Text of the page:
2022 Illinois Great Rivers Annual Conference

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The Illinois Great Rivers Annual Conference gathered in a first-ever, hybrid annual conference session June 9-11. The theme of annual conference session was A Time for Love and a Time for Peace, the second of four themes focusing on a quadrennial theme of God Has Made Everything Beautiful in His Time, based upon Ecclesiastes 3.

The Conference provided opportunity for celebration on a number of fronts – the 25th anniversary of the annual conference following the merger of the former Central and Southern Illinois conferences in 1996 and the approaching bicentennial of Methodism in Illinois when the first session of the antecedent Illinois Conference convened in 1824.

Conferees also celebrated the completion of the six-year Our Conference, Our Kids campaign, in which funds were raised to finance the chaplaincy programs at the five children’s health and welfare agencies in the IGRC – The Baby Fold, Chaddock, Cunningham Children’s Home, Lessie Bates Davis Neighborhood House and Spero Family Services. The $2.5 million goal was eclipsed and the Conference celebrated total giving of $3,000,130.76. The Conference also approved the naming of the endowment as the Bishop Frank J. and Melissa K. Beard Our Conference, Our Kids Endowment.

The generosity of the Annual Conference was evident as a report showed that IGRC churches contributed $6,619,996 to missions beyond apportionments through The United Methodist Church.

Special offerings during the Annual Conference included: $21,900; John Kofi Asmah School in Liberia, $3,750; Tom Brown Scholarship at Wiley College, $4,500; and funds for the 2023 Ordinands’ Trip, $4,600.

Bishop L. Jonathan Holston, episcopal leader of the Charleston, South Carolina, Area, was the preacher for the Opening Worship and Memorial Services and Bishop Frank J. Beard preached the Ordination and Commissioning service.

A total of 28 retirees with a combined 759.5 years of service were recognized. A Memorial Service remembering clergy, clergy spouses and lay members to annual conference who had passed away in the previous year and remembrance of 14 congregations with a combined 2,032 years of ministry that have completed their mission – Ashley, Bonfield First, Dow Bethel, Elkville, Kenney, Ludlow, Oak Grove, Okawville, Parkville, Plainville, Pleasant Mound, Tamms and West. 

The Conference also approved the closure of a congregation — the former Xenia UMC — which left the denomination to become independent. The departure brings the total number of congregations to three, with all three becoming independent. 

The Annual Conference approved a 2022 budget of $9,106, 853 – a reduction of 18%. This is the third straight year of decrease in apportionments of more than 7%. While budgets have been relatively flat over the past 10 years, the $9,106,853 apportioned total returns spending levels to 2001. The $1,934,056 reduction comes on the heels of apportionment collections of 90 percent in 2021 and a $37,942 surplus.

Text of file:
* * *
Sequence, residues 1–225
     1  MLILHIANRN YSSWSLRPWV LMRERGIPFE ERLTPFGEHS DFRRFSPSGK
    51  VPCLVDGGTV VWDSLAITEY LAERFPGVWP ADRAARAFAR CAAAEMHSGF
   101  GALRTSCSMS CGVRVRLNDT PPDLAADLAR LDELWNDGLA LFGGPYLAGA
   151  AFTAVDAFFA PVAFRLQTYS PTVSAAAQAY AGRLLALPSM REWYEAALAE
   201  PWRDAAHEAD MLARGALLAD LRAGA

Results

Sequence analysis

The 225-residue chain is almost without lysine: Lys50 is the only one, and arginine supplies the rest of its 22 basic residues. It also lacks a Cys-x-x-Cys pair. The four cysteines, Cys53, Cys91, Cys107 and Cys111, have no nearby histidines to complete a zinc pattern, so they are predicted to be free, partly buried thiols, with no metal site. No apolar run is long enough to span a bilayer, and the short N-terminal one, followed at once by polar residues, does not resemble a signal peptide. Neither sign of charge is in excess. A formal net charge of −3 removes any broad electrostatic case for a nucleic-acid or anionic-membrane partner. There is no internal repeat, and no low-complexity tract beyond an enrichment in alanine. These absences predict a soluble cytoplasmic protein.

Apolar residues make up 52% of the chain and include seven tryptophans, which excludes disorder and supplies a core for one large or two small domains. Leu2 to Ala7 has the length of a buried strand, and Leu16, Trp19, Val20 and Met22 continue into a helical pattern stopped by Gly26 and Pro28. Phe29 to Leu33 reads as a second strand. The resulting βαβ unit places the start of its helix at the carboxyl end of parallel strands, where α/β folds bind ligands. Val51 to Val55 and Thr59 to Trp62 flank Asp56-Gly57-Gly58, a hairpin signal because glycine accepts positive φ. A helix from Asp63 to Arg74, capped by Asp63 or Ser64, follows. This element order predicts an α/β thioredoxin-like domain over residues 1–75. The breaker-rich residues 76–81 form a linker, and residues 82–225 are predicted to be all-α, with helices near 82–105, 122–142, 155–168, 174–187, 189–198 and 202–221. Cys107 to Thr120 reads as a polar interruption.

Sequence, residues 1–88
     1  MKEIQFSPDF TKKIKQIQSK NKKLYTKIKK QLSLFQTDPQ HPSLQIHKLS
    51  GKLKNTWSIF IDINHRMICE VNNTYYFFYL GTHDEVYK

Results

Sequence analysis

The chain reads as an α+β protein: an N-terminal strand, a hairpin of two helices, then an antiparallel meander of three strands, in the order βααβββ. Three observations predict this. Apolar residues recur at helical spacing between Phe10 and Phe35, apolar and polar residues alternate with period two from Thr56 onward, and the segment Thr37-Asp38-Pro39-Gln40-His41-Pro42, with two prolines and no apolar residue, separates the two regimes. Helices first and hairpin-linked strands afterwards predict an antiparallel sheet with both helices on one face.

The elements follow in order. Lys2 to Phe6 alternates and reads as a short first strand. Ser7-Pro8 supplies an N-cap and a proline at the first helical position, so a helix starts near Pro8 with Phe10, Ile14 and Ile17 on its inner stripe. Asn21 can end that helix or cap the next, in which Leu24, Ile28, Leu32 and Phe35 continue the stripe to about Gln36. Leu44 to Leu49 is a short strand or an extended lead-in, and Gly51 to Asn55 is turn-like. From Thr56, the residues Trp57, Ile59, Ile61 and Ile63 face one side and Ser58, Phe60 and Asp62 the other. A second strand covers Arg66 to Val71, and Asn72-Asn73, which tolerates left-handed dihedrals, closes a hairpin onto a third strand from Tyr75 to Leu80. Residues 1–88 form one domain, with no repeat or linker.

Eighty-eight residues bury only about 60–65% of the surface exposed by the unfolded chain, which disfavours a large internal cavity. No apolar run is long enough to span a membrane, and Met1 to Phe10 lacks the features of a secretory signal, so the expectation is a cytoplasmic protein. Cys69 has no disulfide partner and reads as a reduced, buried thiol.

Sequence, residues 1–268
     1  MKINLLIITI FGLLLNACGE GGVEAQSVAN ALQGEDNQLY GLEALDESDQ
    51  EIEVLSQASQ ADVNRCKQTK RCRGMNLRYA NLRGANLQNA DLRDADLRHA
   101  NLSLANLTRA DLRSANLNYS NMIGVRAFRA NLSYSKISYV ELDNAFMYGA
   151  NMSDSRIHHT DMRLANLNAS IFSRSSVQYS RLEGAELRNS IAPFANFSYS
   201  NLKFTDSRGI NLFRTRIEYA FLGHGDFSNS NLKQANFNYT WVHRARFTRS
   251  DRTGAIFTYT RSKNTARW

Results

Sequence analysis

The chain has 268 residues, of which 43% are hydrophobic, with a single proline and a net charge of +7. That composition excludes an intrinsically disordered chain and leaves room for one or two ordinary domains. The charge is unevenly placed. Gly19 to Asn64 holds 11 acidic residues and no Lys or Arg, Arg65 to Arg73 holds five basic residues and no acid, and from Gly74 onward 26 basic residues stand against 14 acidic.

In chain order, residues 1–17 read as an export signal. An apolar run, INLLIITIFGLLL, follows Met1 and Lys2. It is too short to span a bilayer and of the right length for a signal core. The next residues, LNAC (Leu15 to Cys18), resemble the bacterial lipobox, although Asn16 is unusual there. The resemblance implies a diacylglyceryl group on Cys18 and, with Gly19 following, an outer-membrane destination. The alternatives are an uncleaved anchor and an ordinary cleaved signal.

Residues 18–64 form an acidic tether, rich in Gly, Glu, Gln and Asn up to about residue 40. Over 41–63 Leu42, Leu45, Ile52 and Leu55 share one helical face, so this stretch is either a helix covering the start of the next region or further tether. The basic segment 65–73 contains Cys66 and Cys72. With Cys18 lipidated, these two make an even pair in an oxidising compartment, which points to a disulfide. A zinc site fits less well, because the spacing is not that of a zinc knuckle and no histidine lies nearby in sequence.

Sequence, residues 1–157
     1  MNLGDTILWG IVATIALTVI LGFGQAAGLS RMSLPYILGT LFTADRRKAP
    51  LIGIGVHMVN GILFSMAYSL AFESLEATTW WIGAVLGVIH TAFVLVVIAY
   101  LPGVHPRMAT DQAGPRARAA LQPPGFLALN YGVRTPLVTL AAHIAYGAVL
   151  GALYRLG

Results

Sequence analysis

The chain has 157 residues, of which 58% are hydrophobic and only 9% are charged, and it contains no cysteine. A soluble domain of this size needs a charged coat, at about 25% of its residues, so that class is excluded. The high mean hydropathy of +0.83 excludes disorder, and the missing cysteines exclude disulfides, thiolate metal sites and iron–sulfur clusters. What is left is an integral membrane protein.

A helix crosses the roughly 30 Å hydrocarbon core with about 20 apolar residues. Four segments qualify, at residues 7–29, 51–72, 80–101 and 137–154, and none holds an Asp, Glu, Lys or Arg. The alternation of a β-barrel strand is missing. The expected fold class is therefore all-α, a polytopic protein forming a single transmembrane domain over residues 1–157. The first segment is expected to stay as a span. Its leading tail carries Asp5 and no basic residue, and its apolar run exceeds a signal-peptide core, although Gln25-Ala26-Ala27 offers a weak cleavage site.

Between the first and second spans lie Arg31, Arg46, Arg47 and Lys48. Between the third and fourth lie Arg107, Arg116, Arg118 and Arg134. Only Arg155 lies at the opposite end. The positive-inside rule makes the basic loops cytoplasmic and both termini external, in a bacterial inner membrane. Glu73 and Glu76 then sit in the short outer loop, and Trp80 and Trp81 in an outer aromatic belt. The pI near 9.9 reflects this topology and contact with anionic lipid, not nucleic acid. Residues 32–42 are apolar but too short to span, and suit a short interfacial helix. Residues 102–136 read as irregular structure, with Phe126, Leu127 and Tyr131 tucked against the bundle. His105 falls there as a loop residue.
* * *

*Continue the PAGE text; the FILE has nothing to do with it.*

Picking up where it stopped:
The Conference also approved a $604,288 payment from Conference reserve funds as its part in the $30 million Boy Scouts of America Survivor Trust Fund as part of the BSA bankruptcy proceedings. No payments are being required of any IGRC church.

The Conference also received news of a $1,933,404 bequest from the Richard White Estate. Lay and clergy approved a “double tithe” for Our Conference, Our Kids, pushing it over the $3 million mark and the remaining 80% to be referred to the Conference Council on Finance and Administration to be used for student debt of clergy.

In anticipation of a potential split in The United Methodist Church, the Conference adopted, on a 487-250 vote, that all ordained clergy who have served and retired from the IGRC or subsequently, become a member of a Wesleyan denomination as part of a disassociation from The United Methodist Church, will be eligible to receive retiree benefits from Preachers’ Aid.

A motion to take a $4.2 million overfunding in the retiree health insurance fund and apply it to the Conference’s pension withdrawal obligation. While the amount represents anywhere from 3 to 5% of the total obligation, the amount applied would lower the pension withdrawal cost for a church wishing to disaffiliate with The United Methodist Church.   

Legislatively, the conference announced that the health insurance allowance paid to full-time pastors will remain at $17,500 for 2023. The conference also approved a 6% increase to its minimum salaries. In 2023, the salaries will go to $48,967 for clergy in full connection, associate members and provisional elders; and $44,934 for full-time local pastors.

Retirees under the pre-1982 pension plan will see a 2% increase to $844 per active service year in 2023, funded by a gift from Preachers' Aid Society and Benefit Fund.

The Clergy Session, held June 4 at McKendree University, approved the election of two elders in full connection and a deacon in full connection. They also approved the commissioning of five provisional elders and one provisional deacon; the election of one pastor into associate membership; and celebrated the graduation of four local pastors from Course of Study. 

Membership stands at 106,211 in 2021, down 3,323 (3%) from 2020. Average worship attendance is 29,800, down 2,773 (8.5%), although congregations also reported 30,733 persons attending online, which would result in a substantial increase. Church school attendance stands at 9,984 in 2021, down 1,986.

The 2023 Annual Conference will be held June 8-10, 2023, at the Peoria Civic Center in Peoria, Ill.

—Paul Black, director of communication ministries, Illinois Great Rivers Conference


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